Jun 152011


Here’s the opening of a new Douglas Glover short story, just published in Descant’s amazing 40th anniversary issue entitled Possible Worlds. It’s a fabulous issue, contains work by Steven Heighton (well known to NC readers), Nancy Huston, Josef Skvorecky, Alberto Manguel and Susan Swan among many other notables. Like all dg’s stories this one is autobiographical, nearly a memoir, exposes sidelights of his family life hitherto unrevealed to the reading public. Buy the magazine and read the tawdry remainder.



Uncle Boris up in a Tree

By Douglas Glover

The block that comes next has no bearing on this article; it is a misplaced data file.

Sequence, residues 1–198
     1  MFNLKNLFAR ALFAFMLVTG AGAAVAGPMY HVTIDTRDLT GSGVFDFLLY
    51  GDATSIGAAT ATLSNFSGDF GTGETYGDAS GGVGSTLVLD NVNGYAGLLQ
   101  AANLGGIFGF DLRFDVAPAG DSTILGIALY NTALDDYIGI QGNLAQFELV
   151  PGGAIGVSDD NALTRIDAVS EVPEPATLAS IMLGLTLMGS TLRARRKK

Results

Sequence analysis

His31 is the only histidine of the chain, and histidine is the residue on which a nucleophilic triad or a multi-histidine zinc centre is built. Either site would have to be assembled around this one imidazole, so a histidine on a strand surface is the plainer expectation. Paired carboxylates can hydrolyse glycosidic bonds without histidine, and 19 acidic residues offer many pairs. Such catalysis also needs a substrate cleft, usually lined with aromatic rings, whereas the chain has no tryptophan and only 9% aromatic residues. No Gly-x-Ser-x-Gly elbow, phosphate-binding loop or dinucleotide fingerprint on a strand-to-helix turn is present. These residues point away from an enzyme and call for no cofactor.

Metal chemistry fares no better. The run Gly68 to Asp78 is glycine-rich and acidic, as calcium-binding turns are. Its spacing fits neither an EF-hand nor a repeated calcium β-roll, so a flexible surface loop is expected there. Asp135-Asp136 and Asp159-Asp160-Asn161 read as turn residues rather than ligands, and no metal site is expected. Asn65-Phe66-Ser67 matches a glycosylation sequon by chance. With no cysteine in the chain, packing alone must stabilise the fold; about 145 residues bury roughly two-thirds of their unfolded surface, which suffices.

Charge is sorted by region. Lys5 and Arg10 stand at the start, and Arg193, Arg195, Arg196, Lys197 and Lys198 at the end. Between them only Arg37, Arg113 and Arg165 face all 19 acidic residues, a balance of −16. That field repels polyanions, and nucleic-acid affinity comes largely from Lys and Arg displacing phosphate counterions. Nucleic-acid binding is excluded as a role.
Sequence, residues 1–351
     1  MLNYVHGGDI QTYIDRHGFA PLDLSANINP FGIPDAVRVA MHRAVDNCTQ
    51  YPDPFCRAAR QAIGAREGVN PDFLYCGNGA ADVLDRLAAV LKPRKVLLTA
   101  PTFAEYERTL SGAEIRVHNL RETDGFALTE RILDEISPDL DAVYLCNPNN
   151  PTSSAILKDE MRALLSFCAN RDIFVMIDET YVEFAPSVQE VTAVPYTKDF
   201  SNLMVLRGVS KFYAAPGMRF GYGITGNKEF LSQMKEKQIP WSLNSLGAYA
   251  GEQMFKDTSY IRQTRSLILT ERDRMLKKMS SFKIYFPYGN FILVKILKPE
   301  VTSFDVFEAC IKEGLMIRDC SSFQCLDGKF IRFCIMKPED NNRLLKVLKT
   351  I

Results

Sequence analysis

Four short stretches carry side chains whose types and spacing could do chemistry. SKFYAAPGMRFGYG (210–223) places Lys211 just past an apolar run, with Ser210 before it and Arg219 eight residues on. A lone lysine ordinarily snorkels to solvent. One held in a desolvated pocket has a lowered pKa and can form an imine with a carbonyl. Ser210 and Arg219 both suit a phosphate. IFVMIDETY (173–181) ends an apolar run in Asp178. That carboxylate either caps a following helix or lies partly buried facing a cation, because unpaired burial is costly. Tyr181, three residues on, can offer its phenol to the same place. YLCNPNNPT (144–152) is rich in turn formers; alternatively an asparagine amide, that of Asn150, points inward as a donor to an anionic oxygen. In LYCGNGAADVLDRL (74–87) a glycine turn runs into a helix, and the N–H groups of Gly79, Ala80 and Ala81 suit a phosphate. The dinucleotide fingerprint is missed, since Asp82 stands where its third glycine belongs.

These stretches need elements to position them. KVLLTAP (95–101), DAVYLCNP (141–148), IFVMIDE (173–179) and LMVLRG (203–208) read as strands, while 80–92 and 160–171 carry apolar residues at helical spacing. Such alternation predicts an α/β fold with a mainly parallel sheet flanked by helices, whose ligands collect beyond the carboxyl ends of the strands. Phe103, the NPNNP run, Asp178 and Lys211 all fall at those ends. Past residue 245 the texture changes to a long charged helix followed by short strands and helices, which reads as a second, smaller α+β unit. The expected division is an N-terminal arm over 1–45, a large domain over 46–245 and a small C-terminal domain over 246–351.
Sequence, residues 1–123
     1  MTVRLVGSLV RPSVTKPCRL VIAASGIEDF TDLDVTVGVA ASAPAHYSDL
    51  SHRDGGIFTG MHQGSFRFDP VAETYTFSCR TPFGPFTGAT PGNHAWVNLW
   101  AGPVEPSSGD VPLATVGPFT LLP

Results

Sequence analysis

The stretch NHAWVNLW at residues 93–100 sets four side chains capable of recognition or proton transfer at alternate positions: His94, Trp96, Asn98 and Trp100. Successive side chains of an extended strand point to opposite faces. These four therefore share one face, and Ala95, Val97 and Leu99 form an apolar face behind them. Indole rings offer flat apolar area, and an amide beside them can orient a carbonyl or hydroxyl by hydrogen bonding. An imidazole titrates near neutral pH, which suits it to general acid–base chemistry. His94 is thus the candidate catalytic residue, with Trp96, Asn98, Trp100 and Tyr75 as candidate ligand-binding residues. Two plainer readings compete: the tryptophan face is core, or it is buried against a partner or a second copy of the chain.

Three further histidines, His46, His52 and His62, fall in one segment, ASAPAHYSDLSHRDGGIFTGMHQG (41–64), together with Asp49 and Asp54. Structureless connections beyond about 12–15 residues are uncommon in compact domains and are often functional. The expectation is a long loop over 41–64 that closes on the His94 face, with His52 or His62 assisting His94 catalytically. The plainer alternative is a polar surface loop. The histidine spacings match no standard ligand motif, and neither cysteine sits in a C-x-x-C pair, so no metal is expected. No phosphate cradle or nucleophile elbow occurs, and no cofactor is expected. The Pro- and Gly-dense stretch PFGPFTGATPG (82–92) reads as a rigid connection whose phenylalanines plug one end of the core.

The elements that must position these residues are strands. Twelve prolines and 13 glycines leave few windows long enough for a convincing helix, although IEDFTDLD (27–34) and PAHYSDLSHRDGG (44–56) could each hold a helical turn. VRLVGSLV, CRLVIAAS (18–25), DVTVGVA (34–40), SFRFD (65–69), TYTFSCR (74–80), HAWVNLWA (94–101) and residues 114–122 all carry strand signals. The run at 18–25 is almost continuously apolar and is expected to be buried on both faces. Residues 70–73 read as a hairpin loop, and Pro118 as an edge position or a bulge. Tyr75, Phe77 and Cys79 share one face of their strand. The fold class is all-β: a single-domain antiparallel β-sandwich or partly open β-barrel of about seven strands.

The photo was taken just before all hell broke loose. Uncle Boris, always the clown, perches on a tree branch above the family group, making a mockery of the occasion. Jannik, the wastrel, smiles inscrutably. Bjorn, the straight arrow, looks like a man with all the troubles of the world on his shoulders, but he works in a bank in town and can afford a gold watch and fob. His eyes are closed. Gurn, the insane one, his mouth twisted from a horse kick, seems merely confused, innocent, and anxious. And Lisel, the compulsive smoker and Bible reader, has momentarily suppressed her persistent and fatal cough. The three young ones huddle with Ma and Pa: Trig, later executed for murder, only six in the photo and dressed like a girl; Grete who became a great lover; and little Nikolai, the math genius, eight months old. Bjorn’s wife Olga, plain as a pine plank but seething with desire, leans against the tree trunk next to Jannik. Aunt Doreen, flighty, excitable, and dim, stares at the camera warily. Daphne, the family slut, has her hands in her skirt pockets and her head tilted to one side.